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Encyclopedia > Apocalypse of Baruch

The Apocalypse of Baruch is a Jewish apocryphal or pseudepigraphical text written in the late 1st century CE, after the fall of Jerusalem to the Romans in 70 CE, which seemed to the author to signify the imminent end of the world (the apocalypse). It is not part of the canon of either the Jewish or most Christian Bibles but is part of the Peshitta. The Apocalypse exists in two quite different versions, one in Syriac and one in Greek. It is frequently republished and cited by modern apocalyptic Christian sects. For a discussion of Jews as an ethnicity or ethnic group see the article on Jew. ... In Judeo-Christian theology, the word apocrypha (Greek απόκρυφα, neuter plural of απόκρυφος, hidden) refers to texts that are not considered canonical, part of the Bible, but are of roughly similar style and age as the accepted Scriptures. ... Pseudepigrapha (from the Greek words pseudos = lie and epigrapho = write) is a text or a number of texts whose claimed authorship or authenticity is incorrect. ... (Redirected from 1st century CE) (1st century BC - 1st century - 2nd century - other centuries) The 1st century was that century which lasted from 1 to 99. ... Jerusalem (Hebrew: יְרוּשָׁלַיִם Yerushalayim; Arabic: القدس al-Quds; see also names of Jerusalem) is an ancient Middle Eastern city of key importance to the religions of Judaism, Christianity, and Islam. ... The term apocalypse was introduced by F. Lücke (1832) as a description of the New Testament book of Revelation. ... Canon can mean: A rule adopted by an ecumenical council of the Catholic or Eastern Orthodox churches. ... The term Christian means belonging to Christ and is derived from the Greek noun Χριστός Khristós which means anointed one, which is itself a translation of the Hebrew word Moshiach (Hebrew: משיח, also written Messiah), (and in Arabic it is pronounced Maseeh مسيح). ... The Bible (From Greek βιβλια—biblia, meaning books, which in turn is derived from βυβλος—byblos meaning papyrus, from the ancient Phoenician city of Byblos which exported papyrus) is the sacred scripture of Christianity. ... The Peshitta is the standard version of the Bible in the Syriac language. ... Syriac is an Eastern Aramaic language that was once spoken across much of the Fertile Crescent. ...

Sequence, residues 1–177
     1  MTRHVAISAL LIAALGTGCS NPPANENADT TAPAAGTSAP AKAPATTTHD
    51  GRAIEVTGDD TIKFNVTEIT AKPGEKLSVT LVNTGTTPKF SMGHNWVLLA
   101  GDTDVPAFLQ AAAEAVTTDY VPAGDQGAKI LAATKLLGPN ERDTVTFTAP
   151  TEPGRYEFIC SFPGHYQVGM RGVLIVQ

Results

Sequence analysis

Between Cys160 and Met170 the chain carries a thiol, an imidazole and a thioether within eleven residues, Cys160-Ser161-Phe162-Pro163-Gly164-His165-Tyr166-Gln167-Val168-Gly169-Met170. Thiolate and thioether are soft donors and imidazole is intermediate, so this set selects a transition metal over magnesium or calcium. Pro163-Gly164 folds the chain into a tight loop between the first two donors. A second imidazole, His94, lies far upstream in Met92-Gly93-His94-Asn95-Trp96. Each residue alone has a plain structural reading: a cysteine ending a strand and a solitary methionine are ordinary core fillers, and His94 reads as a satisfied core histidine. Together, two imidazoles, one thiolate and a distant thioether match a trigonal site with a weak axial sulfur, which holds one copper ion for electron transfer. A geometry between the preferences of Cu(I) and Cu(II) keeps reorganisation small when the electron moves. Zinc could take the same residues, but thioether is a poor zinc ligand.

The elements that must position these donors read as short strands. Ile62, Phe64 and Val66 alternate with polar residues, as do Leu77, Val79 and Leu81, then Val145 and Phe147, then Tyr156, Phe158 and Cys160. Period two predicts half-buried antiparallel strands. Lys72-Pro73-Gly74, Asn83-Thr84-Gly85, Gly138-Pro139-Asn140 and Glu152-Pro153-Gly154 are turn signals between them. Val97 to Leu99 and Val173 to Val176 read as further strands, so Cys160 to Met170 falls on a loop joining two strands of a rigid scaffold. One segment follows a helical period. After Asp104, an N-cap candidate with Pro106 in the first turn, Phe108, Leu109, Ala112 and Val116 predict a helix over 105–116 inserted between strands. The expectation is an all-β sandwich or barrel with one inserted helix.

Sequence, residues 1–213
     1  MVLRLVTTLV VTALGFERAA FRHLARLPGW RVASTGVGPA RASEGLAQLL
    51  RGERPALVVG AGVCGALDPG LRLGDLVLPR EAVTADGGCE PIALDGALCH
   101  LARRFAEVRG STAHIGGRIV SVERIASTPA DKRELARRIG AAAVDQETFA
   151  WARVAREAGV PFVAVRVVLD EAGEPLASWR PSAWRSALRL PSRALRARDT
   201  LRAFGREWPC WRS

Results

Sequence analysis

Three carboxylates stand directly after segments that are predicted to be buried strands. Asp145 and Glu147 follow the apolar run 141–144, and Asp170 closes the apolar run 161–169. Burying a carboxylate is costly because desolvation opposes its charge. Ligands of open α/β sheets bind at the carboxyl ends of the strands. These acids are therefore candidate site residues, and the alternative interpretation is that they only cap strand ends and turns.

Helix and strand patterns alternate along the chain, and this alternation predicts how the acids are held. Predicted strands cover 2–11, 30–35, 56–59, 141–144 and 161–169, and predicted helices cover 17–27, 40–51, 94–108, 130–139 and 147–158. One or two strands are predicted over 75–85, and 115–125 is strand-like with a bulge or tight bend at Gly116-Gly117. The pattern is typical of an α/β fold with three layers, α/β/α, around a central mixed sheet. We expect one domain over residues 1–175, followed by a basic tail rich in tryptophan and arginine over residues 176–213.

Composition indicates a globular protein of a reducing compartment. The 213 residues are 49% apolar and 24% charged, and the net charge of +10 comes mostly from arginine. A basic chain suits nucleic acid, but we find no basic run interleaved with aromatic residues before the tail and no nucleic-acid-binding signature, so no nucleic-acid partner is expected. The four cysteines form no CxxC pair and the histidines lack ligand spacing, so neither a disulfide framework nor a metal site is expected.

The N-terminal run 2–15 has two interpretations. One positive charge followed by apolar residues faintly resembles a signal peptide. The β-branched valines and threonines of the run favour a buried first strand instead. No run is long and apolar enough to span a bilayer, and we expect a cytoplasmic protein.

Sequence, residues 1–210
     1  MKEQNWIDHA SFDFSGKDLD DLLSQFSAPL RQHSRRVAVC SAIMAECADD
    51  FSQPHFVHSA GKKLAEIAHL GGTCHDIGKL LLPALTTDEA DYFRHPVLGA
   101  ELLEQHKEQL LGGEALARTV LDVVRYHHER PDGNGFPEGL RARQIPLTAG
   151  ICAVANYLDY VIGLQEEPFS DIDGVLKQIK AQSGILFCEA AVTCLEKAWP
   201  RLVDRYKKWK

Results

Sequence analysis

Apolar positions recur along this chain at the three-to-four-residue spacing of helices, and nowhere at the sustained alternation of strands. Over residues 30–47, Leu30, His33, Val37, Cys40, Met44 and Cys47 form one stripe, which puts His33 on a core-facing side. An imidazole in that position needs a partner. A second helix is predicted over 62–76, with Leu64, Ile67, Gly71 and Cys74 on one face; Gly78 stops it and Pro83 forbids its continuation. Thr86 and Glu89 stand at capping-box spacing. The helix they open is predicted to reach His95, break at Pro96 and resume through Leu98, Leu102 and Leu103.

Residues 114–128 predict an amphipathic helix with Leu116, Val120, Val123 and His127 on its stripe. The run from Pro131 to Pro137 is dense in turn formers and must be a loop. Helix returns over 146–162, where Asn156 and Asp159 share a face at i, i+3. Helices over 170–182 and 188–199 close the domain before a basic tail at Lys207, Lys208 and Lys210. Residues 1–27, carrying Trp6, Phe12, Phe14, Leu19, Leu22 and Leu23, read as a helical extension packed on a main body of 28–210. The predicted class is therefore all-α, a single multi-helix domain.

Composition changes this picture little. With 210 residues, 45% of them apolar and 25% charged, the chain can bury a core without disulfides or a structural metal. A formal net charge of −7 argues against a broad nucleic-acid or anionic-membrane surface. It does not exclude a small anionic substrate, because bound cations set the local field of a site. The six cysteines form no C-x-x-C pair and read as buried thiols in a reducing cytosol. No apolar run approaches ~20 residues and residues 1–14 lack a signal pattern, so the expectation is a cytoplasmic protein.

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  Results from FactBites:
JewishEncyclopedia.com - BARUCH, APOCALYPSE OF (Syriac): (4279 words)
After fasting seven days, Baruch receives a revelation concerning the future punishment of the heathen and of all godless persons; and he is told that he will live until the consummation of the time, that he may bear witness in the hour of their punishment against those nations who now prosper.
Baruch, while sitting in the ruins of the Temple lamenting, receives a new revelation in the form of the following vision: In his sleep he sees a wood surrounded by rocks and crags, and, opposite the wood, a growing vine, beneath which flows a spring.
The views of the Apocalypse on the relations of sin and death, of the first man and his descendants, seem to be contradictory: and for this reason some scholars consider the Apocalypse to be the work of more than one author.
Baruch - LoveToKnow 1911 (3178 words)
These constitute Baruch's epistle to the nine and a half tribes in captivity, and have been published in Syriac and Latin in the London and Paris Polyglots, and in Syriac alone from one MS.
Baruch remains in Jerusalem and Jeremiah accompanies the Exiles to Babylon.
Though the original work was dependent on the Apocalypse of Baruch it cannot have been written much before the close of the 1st cent.
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